I’ve always had a hard time figuring out just what to do with previous Bento versions. It’s not that it’s a poorly design application or anything, I just had a hard time figuring out how to implement it into my workflow better. With the increase in versions comes a number of tools that have eliminated my problems, and increased the likelihood that it will stick in my workflow. After spending some time on a conference call with some of the Bento team a couple of days ago, I witnessed the real power of the application.
For those of you not in the know, Bento is a personal database. But, before you get all overwhelmed by the implications of the word “database”, you should know that it’s extremely user friendly. You don’t have to set up any database at all, no table creations, not key fields, nothing–the application takes care of all of that.
You have the ability to drag and drop key fields from a predefined list on the left, into the “database”, and from there you can immediately start to populate it. It’s as “drag and drop” as it gets, and that’s where the power lies.
There’s been a lot of little changes to the application, but I’ll highlight the ones that really made the most amount of sense for me.
Bento integrates extremely well with your Apple applications. Right out of the box they give you the ability to access iCal’s todo’s, and appointments, Your Address Book, and iPhoto. That’s a pretty powerful hook if you ask me. They’ve made it extremely easy to add additional info to some of the items available in those applications, that wouldn’t be possible in their native applications. What if you wanted to add details to a photo, say for instance a price of a design composite you put together. It kind of makes sense doesn’t it? If you’re showing off a portfolio of some kind you’ll need access to that kind of data. You can’t do that in iPhoto, but with Bento you can add as much information as you need to a photo. This alone has made the application the price of admission for me. It’s going to let me keep track of a lot of info on clients, projects, and other daily tasks that have been real chores lately.
If you’ve spent any time in databases at all you know just how annoying putting together a list of some kind can be. Originally, in Bento, they had you add a new field for each line. It was pretty counter intuitive. They’ve made it a lot simpler this time around. There’s actually list support. It’s a time saver. You no longer have to keep creating fields for your point form notes.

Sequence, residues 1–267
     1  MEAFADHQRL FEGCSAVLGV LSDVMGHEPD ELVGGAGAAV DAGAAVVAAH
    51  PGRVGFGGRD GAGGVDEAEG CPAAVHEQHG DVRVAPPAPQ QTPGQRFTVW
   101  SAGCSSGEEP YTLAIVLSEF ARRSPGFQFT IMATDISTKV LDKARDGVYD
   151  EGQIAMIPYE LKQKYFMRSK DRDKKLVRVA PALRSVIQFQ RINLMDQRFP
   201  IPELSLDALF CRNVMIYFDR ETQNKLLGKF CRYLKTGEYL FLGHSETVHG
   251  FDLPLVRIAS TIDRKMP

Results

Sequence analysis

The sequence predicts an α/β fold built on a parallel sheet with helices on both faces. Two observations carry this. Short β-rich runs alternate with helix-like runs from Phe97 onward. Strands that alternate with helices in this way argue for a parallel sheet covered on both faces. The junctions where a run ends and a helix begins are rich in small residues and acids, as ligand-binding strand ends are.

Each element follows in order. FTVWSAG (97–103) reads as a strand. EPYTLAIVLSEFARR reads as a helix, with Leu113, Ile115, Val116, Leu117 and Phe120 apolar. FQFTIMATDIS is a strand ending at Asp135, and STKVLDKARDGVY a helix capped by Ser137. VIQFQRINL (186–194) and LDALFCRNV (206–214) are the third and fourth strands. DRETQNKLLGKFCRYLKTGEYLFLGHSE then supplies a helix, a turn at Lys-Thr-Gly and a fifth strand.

Table View, Grid View, and Thumbnails
They’ve also spent a lot of time giving you access to your information in a variety of ways that previously did not exist. You can actually view the table information, which would be super beneficial if you’re trying to quickly track a trend, or even make some bulk changes. The thumbnail and grid view’s also let you quickly see information that you might not get by looking at items record by record. Do you want to find the cheapest website design you’ve done? Get a quick list of all the prices attached to a project. Simple.
Share your Bento information over a network
This is the one thing that really put me over the top with this version of Bento. Again, if you’ve spent any time at all with FileMaker in the past, you’re well aware that you had the ability to share a database over a LAN, if you’ve been lucky enough to mess around with FileMaker Server, you’ll know that you can share the databases across the internet. Bento now let you share your databases over the LAN, just as simply as you’d expect. It’s very much like sharing your iTunes library on a network. That makes this whole software package a real possibility for small businesses. The limits seem endless.
That being said, a part of me wishes that they’d take the sharing to the next level. With everything going “cloud” these days, it seems like the ability to access this stuff from anywhere on the web is a logical next step. It would certainly make my life a little easier.
In speaking with the Bento team, they did point out that a VPN network would sufficiently address these problems, so if you really need access from across the world the options exist. But, it hardly seems like the Bento way.
All in all I think Bento 3 really took the application to the next level. I’d highly recommend checking out their trial version and making the call on your own, but I’ll tell you this much, it’s going to be a major part of my workflow in the near future.
Image Credit: idorionna